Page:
6 WKS AGO – My brother and I agreed she was no longer safe alone in her apt. So I (bravely) talked her into moving to assisted-living as a temporary thing. Because she was scared of falling, she agreed to go. I said we would keep the apt for a month and IF she got better, she could go back. She is NOT getting better of course. Last week she fell and ended up in ER/hospital with stitches!

    We’ve had many family meetings and ALL AGREE she must remain in asstd-living and not go back to the apt. Last week, a mental health RN diagnosed her with dementia and short-term memory impairment. She is often confused about where she is and says nonsensical things.

    Even tho she’s in a safe place, she gets angry at me get angry for ignoring her – “Where are you? Why haven’t you called me?” Our dynamics are changing, because the power is shifting to me. She has less power over me than she used to. I don’t visit or call her like I used to. She has many new friends in AL, most of whom are social/friendly to her. Thankfully, the AL staff keep her on track, make sure she eats, etc. She constantly complains about how staff ignore her (because she is not the center of their attention).

    OUR DILEMMA – We are actually cleaning out that apt and letting it go April 30. Sometimes she asks about her apt or suddenly remembers she needs to pay rent. With her dementia and general confusion, we are not even sure if we need to tell her she can’t go back there. Her day-to-day life is just getting through the day. She is sedentary. She can’t see. I see a nursing home in her future.

    As I was typing this, she called me twice! Left an upset vm that she doesn’t know where she is. She considers her cell phone (AND ME) her lifelines. I feel sad and sorry for her…and a little guilty.

    What is your advice? Do we tell her the apt is being let go or just drag things out: “If you get better, we can talk about it later.” Is it okay for me to cut back on visiting and taking her calls? Yes, I know it’s the guilt-trap. It would help me to hear it from you.

    • Katherine Fabrizio

      Hi Karla!

      Thank you for spreading the word about The Good Daughter Syndrome.

      You ask an excellent question, and one I get a lot these days. Maybe that’s another book

      While I can’t give you specific advice, I can tell you what others have found helpful, and you can take from that what feels right to you.

      As a difficult mother ages and the (sometimes) role reversal becomes necessary, what has always been the unspoken becomes louder.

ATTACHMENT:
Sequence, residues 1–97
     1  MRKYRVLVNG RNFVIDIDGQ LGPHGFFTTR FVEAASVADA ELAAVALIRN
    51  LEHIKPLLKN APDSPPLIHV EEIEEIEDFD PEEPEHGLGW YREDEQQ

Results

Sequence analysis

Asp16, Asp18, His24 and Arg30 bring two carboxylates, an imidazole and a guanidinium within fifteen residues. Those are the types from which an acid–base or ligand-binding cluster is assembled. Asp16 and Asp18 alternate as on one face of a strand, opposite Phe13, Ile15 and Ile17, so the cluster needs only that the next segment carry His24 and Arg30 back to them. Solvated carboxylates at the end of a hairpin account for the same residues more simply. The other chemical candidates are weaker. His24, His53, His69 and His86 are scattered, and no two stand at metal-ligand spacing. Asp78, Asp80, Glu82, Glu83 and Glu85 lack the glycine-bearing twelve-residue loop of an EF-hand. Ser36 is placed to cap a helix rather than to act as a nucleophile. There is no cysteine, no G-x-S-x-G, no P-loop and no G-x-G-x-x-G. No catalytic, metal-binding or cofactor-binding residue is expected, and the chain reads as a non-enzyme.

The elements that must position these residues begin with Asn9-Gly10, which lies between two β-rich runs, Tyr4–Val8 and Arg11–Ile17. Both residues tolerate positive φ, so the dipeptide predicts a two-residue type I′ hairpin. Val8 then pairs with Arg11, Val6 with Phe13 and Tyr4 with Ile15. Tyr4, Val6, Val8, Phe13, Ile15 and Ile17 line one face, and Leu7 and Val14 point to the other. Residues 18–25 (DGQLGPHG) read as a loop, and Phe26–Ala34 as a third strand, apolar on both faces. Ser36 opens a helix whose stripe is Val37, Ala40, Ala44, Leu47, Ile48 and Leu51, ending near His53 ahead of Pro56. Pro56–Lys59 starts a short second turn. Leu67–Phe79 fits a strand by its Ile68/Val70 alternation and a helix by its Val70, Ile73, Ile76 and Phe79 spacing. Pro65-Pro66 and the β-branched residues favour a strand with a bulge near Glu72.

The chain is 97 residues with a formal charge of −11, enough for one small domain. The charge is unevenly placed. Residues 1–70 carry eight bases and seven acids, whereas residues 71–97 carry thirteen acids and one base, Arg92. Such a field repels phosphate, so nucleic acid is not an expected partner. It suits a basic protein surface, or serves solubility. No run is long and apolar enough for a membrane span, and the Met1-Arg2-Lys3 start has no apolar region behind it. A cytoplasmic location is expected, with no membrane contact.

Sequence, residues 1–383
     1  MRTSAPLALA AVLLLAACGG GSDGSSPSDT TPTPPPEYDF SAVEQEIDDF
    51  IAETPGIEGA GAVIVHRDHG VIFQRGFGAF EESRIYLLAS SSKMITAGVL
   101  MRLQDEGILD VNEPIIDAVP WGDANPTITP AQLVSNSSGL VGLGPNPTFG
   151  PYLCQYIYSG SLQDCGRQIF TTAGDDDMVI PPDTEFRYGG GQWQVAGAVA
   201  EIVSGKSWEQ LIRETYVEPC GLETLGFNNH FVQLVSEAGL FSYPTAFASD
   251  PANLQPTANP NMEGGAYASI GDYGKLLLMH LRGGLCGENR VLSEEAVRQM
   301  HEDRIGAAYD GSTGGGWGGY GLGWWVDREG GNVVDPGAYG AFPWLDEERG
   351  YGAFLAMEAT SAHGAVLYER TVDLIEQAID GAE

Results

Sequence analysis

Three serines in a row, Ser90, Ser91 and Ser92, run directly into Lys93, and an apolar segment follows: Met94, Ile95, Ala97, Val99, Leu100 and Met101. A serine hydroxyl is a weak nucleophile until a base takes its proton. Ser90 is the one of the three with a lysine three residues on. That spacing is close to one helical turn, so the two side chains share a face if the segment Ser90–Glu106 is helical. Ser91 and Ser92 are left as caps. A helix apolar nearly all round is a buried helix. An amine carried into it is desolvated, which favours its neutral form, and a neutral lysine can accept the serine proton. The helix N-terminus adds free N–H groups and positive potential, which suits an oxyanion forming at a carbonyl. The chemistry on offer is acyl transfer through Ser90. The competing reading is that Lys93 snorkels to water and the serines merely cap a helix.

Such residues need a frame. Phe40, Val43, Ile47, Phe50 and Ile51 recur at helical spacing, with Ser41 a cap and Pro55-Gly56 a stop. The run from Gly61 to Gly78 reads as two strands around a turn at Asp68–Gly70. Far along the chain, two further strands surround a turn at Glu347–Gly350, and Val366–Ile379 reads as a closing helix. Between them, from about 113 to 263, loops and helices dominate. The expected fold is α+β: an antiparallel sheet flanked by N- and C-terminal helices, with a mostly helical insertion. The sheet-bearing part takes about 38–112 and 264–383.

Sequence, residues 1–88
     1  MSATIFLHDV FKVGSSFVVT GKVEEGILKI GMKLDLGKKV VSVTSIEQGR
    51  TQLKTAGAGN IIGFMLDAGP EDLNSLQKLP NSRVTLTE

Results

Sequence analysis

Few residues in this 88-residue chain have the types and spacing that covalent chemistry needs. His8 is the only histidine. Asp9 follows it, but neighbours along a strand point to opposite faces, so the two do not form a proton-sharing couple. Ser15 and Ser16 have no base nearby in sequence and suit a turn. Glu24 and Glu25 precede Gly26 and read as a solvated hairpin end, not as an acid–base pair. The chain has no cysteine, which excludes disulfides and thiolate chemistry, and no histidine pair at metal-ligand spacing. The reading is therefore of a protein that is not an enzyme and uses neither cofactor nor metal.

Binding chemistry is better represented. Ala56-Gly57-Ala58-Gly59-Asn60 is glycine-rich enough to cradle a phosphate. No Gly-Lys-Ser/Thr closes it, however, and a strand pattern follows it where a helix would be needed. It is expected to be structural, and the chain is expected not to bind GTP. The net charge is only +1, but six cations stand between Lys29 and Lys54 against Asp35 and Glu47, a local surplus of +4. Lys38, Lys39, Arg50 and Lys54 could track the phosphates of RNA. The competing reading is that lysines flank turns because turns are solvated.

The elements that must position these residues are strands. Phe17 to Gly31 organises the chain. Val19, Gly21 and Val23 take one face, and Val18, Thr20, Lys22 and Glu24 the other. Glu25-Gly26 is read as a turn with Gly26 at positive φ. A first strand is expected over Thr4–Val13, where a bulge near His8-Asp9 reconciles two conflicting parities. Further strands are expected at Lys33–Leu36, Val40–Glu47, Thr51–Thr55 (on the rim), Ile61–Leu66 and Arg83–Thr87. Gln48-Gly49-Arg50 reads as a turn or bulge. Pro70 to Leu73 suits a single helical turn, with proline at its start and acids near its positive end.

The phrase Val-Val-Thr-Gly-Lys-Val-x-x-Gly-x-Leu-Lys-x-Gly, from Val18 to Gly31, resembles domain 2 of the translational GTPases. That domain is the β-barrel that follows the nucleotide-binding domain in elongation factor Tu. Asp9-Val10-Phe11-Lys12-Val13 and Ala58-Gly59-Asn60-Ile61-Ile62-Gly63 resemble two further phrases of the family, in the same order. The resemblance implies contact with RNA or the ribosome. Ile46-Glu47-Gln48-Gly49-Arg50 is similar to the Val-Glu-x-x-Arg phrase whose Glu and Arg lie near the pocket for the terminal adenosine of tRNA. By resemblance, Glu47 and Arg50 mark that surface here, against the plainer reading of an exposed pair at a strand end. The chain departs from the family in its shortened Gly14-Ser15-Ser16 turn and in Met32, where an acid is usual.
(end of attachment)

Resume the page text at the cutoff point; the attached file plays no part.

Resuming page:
The inequities of “you were not really there for me, and now I am expected to be there for you”… becomes a screaming headline in the Good Daughter’s head. And the “it’s always about you and your needs” becomes amplified in your consciousness.

      I encourage you to allow yourself to have all those feelings and thoughts without judgment. They are expected and natural.

      Here are a few principles that have helped others in your situation.
      1) No matter how hard you try, it will never be good enough, and, as you know (via my book), this is not a reflection of your efforts but rather of your Mom’s limitations.

      If you can accept that you will not get a genuine appreciation for your efforts, you can prevent setting yourself up for disappointment.

      If you decide to take on the caregiving role, do what is best for you and what helps you maintain your sanity and strength. That includes limiting phone calls and visits.

      2) Release the need to explain anything. As the Good Daughter, you’ve had a lifetime of explaining yourself. Now, you can let go of that if it will just lead to endless back-and-forths. It’s better to focus on the here and now.

      3)If your mother is regressing – becoming more demanding and anxious, she may be helped by firm limits. That doesn’t mean she will like them, but she may feel more settled because of them. Much like a toddler who can’t keep their impulses in check is helped by limits.
      A mother who is in decline is paradoxically settled by the show of someone being in charge.

      4) With narcissistic mothers who are in decline, I have found it helpful to evade questions about whether or not they are returning to their more independent living by saying we will revisit that when you are (fill in the appropriate blank). That way, you don’t dash their hopes unnecessarily, but you aren’t enabling them in something unrealistic and causes you anxiety.

      Best of luck- it is a hard road for sure.